While the media seem the most pre-occupied with deciding who will be England’s reserve left-back, they might be better deciding what England’s best centre-back pairing is. Jagielka and Cahill look a reluctant best bet and dare I say it, while we’re talking about club connections – a pairing of Terry and Cahill – who have marshalled a watertight Chelsea defence this season – wouldn’t go amiss.
Such a team would, however, be notably lacking in big tournament experience compared to England’s Uruguayan and Italian adversaries. Not only have many of their players experienced playing in major international tournaments, but crucially they have tasted a degree of success – something that counts for a lot when the pressure is on, in what will undoubtedly be a close group.
England are at a disadvantage in playing Costa Rica in their final group game as they would undoubtedly prefer to go into games against Italy and Uruguay with points under their belt. However, after their initial exertions in the Amazon, they play their two second games in the relative cool of Belo Horizonte and Sao Paulo.
Costa Rica have the potential to throw a real spanner in the works for England and more likely, Uruguay, in their first encounter. While a Uruguay win is expected in Fortaleza on June 14th, a draw or loss at this early stage would be disastrous for la Celeste – while a loss for England against Italy is to be expected in their first game. The battle for second place will be the most intriguing element in the group. and while Uruguay are not what they were in 2011, and show some defensive frailties, a Suarez inspired side may with a winning pedigree may just edge out England into second place.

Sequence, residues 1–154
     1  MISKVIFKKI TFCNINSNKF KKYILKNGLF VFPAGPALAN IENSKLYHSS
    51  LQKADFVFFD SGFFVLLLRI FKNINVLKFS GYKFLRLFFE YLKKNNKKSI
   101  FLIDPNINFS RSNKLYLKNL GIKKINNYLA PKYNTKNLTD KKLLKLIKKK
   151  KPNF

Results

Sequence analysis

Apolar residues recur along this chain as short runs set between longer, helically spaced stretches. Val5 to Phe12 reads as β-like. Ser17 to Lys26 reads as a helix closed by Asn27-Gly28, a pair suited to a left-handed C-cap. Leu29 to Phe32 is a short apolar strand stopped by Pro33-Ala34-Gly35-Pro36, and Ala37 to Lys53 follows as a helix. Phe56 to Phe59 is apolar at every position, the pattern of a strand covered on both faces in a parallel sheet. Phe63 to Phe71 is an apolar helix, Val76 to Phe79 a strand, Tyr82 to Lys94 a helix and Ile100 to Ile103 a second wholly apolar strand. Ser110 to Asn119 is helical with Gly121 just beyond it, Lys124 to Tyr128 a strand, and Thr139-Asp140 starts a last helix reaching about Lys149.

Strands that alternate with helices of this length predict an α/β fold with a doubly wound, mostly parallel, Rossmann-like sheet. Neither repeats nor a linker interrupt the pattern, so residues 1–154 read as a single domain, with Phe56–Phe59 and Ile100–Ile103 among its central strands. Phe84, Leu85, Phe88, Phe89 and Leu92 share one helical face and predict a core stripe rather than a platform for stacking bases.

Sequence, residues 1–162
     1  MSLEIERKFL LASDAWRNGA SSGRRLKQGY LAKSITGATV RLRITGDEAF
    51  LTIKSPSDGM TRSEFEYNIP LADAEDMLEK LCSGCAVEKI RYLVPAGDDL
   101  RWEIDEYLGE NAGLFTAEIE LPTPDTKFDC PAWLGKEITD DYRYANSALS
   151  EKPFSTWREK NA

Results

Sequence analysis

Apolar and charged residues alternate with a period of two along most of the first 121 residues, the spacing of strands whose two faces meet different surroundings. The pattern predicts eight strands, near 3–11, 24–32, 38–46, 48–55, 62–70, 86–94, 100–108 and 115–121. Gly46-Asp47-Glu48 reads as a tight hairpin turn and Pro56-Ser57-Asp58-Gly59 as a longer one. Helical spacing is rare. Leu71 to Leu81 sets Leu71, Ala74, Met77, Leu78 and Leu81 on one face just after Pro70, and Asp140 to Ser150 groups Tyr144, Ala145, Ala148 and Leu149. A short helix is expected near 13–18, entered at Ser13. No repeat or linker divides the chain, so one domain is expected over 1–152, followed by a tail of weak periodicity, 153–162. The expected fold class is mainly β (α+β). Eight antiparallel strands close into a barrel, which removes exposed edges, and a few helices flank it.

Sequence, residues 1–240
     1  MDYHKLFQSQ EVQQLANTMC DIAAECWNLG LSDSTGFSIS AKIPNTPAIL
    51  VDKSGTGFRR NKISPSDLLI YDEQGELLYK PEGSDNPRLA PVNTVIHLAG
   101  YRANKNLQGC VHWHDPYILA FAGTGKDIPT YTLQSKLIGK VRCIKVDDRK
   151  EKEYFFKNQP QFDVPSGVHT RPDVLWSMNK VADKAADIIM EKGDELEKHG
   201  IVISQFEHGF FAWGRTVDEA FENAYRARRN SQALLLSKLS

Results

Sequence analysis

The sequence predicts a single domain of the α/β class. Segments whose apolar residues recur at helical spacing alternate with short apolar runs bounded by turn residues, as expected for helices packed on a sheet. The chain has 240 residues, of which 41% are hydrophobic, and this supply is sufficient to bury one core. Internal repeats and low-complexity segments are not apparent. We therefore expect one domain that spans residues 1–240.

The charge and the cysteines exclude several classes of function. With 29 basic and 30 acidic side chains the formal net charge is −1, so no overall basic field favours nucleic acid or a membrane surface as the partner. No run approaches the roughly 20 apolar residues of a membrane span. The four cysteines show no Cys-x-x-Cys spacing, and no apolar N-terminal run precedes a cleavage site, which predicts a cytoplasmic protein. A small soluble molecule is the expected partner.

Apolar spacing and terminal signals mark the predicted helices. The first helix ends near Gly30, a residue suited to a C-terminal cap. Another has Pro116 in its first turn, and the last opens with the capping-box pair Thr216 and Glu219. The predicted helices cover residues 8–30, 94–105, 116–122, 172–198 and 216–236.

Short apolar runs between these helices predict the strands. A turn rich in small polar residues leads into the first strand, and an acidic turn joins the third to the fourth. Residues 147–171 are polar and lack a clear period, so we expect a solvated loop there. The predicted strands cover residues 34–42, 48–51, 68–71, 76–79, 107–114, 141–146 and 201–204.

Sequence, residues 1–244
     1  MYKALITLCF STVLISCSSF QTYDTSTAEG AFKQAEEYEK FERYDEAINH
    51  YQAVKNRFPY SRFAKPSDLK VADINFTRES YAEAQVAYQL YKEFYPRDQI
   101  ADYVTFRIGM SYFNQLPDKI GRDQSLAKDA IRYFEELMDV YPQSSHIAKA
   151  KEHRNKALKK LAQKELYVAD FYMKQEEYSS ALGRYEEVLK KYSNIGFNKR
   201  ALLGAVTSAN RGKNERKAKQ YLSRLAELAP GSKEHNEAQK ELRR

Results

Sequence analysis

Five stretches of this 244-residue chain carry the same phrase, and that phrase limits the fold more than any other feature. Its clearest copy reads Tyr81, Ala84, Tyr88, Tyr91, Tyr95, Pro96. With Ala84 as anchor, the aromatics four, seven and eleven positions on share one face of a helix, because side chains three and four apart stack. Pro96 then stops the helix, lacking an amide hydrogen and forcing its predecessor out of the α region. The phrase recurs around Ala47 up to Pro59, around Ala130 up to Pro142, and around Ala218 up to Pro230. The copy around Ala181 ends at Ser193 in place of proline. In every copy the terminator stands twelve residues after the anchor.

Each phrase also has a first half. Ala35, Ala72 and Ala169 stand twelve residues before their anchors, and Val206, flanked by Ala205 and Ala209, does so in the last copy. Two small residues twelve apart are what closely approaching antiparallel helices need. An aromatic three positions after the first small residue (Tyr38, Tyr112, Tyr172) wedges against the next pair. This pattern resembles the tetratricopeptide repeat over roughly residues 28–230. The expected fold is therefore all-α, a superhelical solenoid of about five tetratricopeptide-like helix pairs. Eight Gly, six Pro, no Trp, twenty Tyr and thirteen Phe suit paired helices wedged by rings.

Something strange has happened in the last couple of years: people outside of Belgium have actually started talking about Belgium.
Type the country into Google and the first suggestion you receive is ‘Belgium euthanasia’, hardly the lightest topic of conversation to kick things off at the dinner table.
No, we are talking about their increasingly successful national football team, not anything else going on in the country, because, let’s face it, nothing particularly noteworthy goes on there unless it involves two Irishmen, a midget, and a bell tower.
While I may be guilty of overlooking frozen fog, chocolate, and the EU, there was very little that stood out in the country during a brief visit there a few years ago. Belgian football certainly wasn’t on my radar then, but things are changing.